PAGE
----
Ralph Stanley at the Cedar Cultural Center, 1/10/14
|Photo by Mark N. Kartarik|
Ralph Stanley and the Clinch Mountain Boys
Cedar Cultural Center, Minneapolis
Friday, January 10, 2014
Greeted with a standing ovation from the passionate audience Friday night at the Cedar, Dr. Ralph Stanley and his Clinch Mountain Boys graced the stage for what ultimately was an historic occasion, marking his final go around and current farewell tour.
Jumping right in with his signature song from the O Brother, Where Art Thou? soundtrack, the living legend stood stoically, mustering up whatever voice he could on "Man of Constant Sorrow" that drew much fanfare from the sold out room.
See Also: Slideshow: Ralph Stanley at the Cedar, 1/10/14
Stanley, who's turning 87 in February left the picking, grinning and introductions to his grandson, "Prince of Bluegrass" Nathan. He carried the show and has taken the reins as leader of the band. However the focus was on his "Papaw" and the enormous legacy of music he embodies as a pioneer of bluegrass music that dates back to the '40s and his partnership with the late brother, Carter as the Stanley Brothers.
|Photos by Mark N. Kartarik|
The tightness of the fiddle, banjo, guitar, upright bass, and Nathan Stanley's voice kept the program moving and enraptured the bluegrass enthusiasts present to celebrate the elder Stanley's music and notoriety throughout the night. As much of a spiritual occasion that the music brought, there was also a palatable sense of family as Nathan consistently praised his grandfather and spoke lovingly of all the life and musical lessons he has learned travelling on the road with him since he was only two years old.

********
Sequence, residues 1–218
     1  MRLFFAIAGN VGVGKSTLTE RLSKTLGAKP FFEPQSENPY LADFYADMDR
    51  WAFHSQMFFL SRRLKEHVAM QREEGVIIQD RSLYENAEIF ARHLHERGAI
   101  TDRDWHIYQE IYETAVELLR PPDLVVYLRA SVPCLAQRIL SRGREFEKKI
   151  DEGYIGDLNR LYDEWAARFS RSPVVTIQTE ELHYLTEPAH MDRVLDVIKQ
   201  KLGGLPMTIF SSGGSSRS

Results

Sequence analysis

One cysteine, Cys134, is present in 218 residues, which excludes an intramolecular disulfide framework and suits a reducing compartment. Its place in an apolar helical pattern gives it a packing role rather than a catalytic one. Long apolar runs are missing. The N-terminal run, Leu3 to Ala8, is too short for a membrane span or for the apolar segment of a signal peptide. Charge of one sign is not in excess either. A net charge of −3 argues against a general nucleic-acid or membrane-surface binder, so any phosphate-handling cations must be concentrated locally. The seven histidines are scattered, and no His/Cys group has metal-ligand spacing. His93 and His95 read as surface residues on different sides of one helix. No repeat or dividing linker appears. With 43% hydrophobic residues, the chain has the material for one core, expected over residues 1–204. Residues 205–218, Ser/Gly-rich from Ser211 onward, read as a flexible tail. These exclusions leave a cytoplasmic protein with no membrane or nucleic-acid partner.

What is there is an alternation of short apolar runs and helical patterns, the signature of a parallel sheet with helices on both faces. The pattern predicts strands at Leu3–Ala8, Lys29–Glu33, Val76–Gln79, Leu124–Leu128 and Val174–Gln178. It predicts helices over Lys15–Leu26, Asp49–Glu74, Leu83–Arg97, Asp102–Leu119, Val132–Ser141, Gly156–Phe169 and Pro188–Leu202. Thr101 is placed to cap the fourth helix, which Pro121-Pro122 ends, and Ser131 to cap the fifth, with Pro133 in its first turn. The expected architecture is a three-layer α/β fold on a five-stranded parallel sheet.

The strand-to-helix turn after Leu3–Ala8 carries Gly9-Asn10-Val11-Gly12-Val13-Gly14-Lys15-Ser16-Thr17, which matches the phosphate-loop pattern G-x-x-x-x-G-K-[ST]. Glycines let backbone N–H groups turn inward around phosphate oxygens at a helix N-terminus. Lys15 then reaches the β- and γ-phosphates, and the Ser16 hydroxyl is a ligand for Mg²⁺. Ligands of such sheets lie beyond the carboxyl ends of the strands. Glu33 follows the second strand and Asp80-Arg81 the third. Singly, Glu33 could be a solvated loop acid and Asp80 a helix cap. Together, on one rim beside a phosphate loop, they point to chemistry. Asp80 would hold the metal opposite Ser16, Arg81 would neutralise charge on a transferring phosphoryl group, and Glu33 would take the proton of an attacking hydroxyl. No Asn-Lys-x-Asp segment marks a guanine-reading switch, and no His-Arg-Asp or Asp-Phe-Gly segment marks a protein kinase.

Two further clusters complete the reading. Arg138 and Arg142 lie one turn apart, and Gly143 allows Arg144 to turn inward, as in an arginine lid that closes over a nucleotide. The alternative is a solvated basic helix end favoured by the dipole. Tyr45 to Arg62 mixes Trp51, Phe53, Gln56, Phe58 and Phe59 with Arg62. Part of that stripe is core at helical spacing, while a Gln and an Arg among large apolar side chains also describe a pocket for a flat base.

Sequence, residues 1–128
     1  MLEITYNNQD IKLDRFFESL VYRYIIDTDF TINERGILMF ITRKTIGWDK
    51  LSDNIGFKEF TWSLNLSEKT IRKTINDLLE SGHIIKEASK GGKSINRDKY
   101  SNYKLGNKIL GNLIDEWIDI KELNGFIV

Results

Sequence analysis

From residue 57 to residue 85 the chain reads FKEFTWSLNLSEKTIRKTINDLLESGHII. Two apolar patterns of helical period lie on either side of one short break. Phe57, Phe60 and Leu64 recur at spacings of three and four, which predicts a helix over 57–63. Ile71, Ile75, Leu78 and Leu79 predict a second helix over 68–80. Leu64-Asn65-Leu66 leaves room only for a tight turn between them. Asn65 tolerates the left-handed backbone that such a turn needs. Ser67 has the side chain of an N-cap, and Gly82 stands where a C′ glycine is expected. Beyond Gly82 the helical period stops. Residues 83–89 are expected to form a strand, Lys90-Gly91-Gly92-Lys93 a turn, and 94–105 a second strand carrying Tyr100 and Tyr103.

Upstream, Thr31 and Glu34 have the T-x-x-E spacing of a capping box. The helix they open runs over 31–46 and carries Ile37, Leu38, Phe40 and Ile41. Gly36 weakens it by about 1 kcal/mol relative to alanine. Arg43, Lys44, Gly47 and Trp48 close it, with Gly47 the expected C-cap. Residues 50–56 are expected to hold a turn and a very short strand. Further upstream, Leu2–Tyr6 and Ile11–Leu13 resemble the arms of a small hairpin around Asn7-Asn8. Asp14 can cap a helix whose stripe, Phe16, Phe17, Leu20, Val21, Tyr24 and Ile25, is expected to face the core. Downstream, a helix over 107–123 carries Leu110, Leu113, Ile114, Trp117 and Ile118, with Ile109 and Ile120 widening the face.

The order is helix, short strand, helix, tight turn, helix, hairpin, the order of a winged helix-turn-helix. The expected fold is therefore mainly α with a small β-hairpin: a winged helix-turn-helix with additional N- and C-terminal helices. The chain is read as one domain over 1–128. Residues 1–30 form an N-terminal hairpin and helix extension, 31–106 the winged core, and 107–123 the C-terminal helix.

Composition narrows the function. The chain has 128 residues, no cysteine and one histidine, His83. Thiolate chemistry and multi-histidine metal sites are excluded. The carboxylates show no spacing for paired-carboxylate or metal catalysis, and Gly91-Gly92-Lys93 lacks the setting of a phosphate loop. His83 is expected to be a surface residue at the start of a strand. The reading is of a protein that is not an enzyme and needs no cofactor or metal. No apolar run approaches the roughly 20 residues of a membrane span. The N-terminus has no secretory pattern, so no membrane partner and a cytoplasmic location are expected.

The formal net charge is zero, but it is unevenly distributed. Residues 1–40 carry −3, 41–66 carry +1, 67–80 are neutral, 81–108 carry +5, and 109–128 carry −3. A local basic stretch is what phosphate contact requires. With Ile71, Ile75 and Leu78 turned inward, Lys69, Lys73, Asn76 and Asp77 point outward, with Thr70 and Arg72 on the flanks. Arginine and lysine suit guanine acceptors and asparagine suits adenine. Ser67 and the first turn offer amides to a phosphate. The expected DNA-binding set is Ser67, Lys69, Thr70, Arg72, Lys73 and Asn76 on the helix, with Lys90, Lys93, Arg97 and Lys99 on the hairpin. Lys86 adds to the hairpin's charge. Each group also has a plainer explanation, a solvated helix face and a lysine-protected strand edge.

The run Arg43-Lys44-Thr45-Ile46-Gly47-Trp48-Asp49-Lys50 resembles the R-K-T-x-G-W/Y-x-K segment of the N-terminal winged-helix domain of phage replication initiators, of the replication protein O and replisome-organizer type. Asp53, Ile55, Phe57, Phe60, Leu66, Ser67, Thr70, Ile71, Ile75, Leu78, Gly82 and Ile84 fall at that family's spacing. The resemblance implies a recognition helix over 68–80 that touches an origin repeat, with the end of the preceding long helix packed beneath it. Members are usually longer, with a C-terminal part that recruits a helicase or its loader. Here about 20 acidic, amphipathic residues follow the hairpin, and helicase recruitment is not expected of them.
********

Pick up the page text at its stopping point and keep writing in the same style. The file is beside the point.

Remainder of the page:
Going back and forth greeting the audience Nathan and Ralph sounded encouraged. In a thick Southern drawl they both gave praise, "We just got to say a holler to all our friends here tonight. We feel so much love." With Ralph chiming in, "It's much colder than the last time we were here, but sometimes you take the bitter with the sweet."
With as much gospel spirit the group expressed plaintive renditions of "I've Never Seen the Grace of our Savior" and provided rich, perfect harmony in an a cappella fashion on "One Day I Will."
With several high speed picking instrumentals that displayed each musician's prowess It was the eventual solo vocal performance Ralph delivered with "O Death" that really illustrated the urgency of the evening. With his unmistakably haunting voice it was hard not to recognize the frailty of his presence that wasn't lost on the audience and generated all the more appreciation.